The Cascade of Screening

Screening is not a single test, but rather a cascade of events that can result in either benefit or harm (Figure 12.2). The first step is the screening test itself. Although some diagnostic tests can have useful intermediate results, with a screening test the result is either positive or negative. If a recommendation for anything other than continued routine screening comes from the screening test, it is a positive test. The patient is notified that all is not well and that further evaluation of some kind is needed.

Typically, with cancer screening, many more people have a negative screening test than a positive. After a positive test, further workup is required to determine whether the screening test is a true positive or a false positive. The workup may vary depending on the degree of positivity of the screening test or other circumstances. Some people with false-positive tests have ongoing anxiety related to the experience of screening whereas others do not.

People with a true-positive test do not all benefit from earlier detection of their cancer. These people fall into four categories. Category 1 includes people with fast-growing, malignant disease for which treatment is ineffective. These people do not benefit from earlier detection. Category 2 includes people whose cancer is easily treated regardless of when it is detected. These people also do not benefit from earlier detection. Category 3 includes people whose cancer would never have caused important clinical problems and does not need to be treated. These people have "pseudodis-ease" and do not benefit from earlier detection. Category 4 includes people whose cancer is more effectively treated earlier, after screening detection, than later, after clinical detection. These are the people who benefit from earlier detection. Treatment of people from category 3 is overtreat-ment; any adverse effects from treatment of this group must be counted as among the harms of screening. This situation happens frequently because category 3 cancers cannot always be accurately distinguished from other categories.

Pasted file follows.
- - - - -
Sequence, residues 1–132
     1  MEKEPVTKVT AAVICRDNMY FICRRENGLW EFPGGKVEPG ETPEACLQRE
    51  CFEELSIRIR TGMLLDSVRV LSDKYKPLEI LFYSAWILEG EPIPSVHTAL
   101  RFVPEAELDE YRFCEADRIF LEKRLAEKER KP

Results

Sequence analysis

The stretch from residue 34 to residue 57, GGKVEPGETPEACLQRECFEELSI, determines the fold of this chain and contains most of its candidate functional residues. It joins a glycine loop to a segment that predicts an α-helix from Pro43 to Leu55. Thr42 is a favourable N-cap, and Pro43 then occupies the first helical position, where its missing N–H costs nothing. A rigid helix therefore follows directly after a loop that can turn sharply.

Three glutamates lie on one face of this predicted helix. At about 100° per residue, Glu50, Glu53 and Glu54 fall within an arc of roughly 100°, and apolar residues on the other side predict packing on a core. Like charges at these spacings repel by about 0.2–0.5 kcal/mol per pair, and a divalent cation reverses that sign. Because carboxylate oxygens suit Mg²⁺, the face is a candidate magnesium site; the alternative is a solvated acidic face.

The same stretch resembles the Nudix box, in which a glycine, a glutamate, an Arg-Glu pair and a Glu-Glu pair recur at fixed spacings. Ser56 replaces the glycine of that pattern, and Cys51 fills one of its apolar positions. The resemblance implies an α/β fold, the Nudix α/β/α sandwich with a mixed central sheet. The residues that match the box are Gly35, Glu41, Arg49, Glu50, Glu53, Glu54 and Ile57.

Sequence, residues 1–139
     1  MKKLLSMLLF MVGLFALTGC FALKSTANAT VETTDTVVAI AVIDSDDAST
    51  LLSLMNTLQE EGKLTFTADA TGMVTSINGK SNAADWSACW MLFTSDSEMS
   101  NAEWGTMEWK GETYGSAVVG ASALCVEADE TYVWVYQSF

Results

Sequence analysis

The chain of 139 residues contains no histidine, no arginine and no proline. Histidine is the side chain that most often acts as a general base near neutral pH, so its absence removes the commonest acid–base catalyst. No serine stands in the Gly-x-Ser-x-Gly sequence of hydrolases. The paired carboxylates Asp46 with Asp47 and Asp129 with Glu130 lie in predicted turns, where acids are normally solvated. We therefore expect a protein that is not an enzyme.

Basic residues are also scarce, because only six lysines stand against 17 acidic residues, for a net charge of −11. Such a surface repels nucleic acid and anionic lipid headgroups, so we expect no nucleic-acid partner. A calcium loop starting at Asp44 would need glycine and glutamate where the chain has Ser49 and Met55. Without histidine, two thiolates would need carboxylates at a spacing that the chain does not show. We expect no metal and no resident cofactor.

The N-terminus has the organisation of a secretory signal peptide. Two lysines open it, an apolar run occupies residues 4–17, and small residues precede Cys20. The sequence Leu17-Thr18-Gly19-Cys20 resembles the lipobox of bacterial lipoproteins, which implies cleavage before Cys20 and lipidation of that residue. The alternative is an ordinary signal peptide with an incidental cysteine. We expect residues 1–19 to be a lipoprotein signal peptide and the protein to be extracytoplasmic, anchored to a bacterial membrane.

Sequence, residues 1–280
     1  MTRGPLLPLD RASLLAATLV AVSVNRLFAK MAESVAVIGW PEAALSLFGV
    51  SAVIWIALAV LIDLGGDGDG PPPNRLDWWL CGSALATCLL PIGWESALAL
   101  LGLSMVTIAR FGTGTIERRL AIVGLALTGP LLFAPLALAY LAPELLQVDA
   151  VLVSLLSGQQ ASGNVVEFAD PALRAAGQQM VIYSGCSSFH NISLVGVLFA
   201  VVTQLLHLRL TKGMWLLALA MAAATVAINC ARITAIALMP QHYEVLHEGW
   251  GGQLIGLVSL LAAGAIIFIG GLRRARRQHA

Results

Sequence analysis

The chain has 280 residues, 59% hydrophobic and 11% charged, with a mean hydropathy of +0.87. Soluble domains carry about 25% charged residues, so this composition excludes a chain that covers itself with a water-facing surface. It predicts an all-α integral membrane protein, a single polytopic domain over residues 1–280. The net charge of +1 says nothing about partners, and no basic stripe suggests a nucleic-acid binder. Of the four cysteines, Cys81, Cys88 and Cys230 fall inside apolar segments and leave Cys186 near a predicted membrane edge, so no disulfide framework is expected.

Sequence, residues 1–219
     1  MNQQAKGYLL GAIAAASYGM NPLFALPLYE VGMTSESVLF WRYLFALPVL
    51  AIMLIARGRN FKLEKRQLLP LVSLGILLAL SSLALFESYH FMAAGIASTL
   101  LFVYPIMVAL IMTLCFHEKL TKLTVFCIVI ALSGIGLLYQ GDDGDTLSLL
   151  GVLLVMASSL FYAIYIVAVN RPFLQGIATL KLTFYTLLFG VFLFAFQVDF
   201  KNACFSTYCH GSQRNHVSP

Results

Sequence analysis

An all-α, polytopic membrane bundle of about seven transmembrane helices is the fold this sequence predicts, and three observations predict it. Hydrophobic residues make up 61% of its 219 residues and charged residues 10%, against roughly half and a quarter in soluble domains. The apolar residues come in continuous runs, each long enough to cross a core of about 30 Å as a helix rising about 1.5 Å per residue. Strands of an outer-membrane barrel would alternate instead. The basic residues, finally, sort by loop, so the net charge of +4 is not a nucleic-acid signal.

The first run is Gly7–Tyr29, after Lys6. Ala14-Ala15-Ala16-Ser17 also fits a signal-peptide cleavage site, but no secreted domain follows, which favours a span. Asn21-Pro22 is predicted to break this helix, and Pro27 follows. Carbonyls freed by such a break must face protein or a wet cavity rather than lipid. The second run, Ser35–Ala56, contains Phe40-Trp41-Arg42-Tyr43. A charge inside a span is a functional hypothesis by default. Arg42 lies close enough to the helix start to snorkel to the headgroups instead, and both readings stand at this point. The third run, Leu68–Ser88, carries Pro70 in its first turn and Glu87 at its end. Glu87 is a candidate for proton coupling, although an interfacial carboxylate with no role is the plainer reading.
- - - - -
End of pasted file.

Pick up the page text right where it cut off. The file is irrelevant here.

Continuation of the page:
We next consider two categories of potential harms from screening: false-positive screening tests and overtreatment. Although false-negative tests could also theoretically cause harm by false reassurance, we know of little evidence to substantiate this potential harm.

10 Ways To Fight Off Cancer

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